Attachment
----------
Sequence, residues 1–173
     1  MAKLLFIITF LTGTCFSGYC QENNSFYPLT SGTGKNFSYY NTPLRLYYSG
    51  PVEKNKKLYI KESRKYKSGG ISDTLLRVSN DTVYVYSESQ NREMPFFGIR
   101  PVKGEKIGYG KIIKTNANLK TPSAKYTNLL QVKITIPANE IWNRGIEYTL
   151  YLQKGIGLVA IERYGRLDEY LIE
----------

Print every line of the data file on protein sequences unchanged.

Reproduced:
Sequence, residues 1–173
     1  MAKLLFIITF LTGTCFSGYC QENNSFYPLT SGTGKNFSYY NTPLRLYYSG
    51  PVEKNKKLYI KESRKYKSGG ISDTLLRVSN DTVYVYSESQ NREMPFFGIR
   101  PVKGEKIGYG KIIKTNANLK TPSAKYTNLL QVKITIPANE IWNRGIEYTL
   151  YLQKGIGLVA IERYGRLDEY LIE